Drinking on the job: Bosses install office booze taps
Workers can help themselves to a drink at a company in Edinburgh.
Workers in an Edinburgh New Town office block can now indulge in a tipple on the job.
People can go ahead and use self-service alcohol pumps, allowing them to wind down with a beverage during or after a hard day's slog, after councillors gave their seal of approval.
The plans were put forward by company We Work for its George Street premises, where people rent a desk or space and go about their working day.
It means workers will be able to help themselves to a drink and relax in the communal area on their sixth-floor.
However, some conditions have been put in place, which include supervision of the service from a trained member of staff and a four-drink limit.
Coloured wristbands will be issued to workers who are old enough and a part of the paper band will be removed for each drink they have.
David Hossack spoke on behalf of We Work at Edinburgh Licensing Board and addressed supervision concerns from councillors and Police Scotland.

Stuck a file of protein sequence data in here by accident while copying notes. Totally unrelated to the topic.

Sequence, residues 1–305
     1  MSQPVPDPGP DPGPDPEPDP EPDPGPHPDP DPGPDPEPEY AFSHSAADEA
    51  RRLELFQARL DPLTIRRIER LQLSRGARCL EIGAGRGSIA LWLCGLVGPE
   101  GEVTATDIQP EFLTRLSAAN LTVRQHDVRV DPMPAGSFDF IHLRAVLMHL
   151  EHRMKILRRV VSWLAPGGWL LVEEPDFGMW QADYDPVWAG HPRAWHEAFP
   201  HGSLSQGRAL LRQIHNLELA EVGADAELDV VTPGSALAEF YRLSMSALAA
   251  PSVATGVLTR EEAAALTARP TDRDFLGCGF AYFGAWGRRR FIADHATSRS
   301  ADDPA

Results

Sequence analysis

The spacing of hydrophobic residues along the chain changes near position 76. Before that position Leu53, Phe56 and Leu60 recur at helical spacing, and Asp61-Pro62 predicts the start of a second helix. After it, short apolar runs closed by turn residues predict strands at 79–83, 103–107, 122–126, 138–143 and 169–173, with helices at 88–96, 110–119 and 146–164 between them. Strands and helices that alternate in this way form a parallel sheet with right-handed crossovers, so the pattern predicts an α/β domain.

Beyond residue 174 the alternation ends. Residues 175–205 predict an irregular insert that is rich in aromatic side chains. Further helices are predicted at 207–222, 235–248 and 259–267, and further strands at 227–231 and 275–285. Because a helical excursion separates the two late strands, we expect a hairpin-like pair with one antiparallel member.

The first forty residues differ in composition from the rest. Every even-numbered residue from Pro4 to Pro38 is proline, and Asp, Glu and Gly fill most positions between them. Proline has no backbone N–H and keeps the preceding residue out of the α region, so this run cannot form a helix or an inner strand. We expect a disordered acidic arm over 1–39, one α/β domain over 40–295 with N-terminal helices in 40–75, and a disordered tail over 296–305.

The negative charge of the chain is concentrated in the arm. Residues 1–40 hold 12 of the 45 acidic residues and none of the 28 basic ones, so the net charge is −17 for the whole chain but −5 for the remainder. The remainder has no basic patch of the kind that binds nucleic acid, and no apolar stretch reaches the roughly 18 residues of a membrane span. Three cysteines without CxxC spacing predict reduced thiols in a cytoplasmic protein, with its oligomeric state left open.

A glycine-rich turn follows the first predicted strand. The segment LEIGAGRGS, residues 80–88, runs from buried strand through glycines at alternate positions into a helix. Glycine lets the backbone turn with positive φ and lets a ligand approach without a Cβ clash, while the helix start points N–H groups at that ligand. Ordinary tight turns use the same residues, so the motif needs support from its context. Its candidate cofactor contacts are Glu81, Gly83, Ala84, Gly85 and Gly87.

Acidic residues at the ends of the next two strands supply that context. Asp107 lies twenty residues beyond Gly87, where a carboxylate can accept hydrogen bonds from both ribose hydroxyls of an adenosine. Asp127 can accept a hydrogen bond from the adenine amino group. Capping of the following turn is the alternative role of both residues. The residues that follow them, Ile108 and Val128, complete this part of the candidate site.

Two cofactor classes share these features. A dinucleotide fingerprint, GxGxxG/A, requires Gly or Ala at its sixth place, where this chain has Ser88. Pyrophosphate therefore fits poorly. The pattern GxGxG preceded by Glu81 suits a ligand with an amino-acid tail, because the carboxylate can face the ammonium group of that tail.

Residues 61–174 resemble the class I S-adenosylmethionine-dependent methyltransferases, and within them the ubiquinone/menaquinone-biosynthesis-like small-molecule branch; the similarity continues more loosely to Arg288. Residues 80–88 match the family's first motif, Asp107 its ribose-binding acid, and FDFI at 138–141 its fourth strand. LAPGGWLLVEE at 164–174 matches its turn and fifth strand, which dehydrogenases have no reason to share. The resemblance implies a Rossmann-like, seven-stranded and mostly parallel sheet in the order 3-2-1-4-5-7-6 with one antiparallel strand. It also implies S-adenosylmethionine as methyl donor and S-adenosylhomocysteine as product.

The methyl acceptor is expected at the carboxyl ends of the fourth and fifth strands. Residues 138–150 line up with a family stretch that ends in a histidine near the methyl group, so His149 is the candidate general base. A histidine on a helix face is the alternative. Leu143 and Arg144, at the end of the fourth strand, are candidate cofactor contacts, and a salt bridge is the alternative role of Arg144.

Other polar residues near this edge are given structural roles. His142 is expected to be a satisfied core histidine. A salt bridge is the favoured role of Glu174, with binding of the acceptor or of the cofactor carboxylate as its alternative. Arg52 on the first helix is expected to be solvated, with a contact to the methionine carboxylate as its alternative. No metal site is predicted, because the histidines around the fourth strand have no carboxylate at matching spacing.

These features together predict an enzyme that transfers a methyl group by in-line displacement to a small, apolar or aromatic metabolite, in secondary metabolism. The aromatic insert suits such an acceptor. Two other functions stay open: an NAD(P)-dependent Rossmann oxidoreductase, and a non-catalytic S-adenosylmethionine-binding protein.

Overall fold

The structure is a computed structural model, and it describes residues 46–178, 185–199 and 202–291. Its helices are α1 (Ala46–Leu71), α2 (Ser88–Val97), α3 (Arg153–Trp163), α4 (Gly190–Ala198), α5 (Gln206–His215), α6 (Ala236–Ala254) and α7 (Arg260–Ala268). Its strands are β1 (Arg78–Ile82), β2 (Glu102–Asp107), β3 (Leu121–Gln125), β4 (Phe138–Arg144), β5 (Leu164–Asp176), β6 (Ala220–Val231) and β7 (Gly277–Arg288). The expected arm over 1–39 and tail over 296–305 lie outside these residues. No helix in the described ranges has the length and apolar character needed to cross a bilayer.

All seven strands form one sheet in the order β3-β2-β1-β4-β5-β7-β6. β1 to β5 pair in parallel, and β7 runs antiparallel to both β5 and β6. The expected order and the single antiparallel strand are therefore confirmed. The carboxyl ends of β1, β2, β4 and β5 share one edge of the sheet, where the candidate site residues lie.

Speaking about the workers, Mr Hossack said the supervision would be available to check "how many drinks they have left" in their allowance.
He added: "It's recognised that you do have concerns here. A notice has to be placed near the point of service to say that there's a limit in place.
'It is intended to let those working in the building to have an occasional drink.'David Hossack, We Work
"There will be a very limited range and volume of alcohol to those working in this building.
"This is not intended to be a bar, but it is intended to let those working in the building to have an occasional drink. It's entirely safe with two sets of barriers."
But Mr Hossack said that a technology solution to enforcing the four-drink minimum was not yet available.
He added: "We do not have this at this stage but it's something they will continue to look at."
The premises have a capacity of 1,100 and fall within one of the board's areas of over-provision of alcohol.
But the company pointed out their application was "one of the exceptional cases" where it can be demonstrated the proposals are "quite different to the George Street area".
In making its case, We Work highlighted the office blocks is not publicly accessible and "security is tight".
Councillors thanked the company for their compromise over the self-service alcohol dispensers, after the proposals were previously put on hold for a site visit.
Board convener, Councillor Norman Work, added: " I think you have addressed everything and the site visit was very helpful.
"I'm going to recommended we do approve what's been accepted. We are very grateful you have addressed those issues."
The board unanimously approved the licence.
Story by local democracy reporter David Bol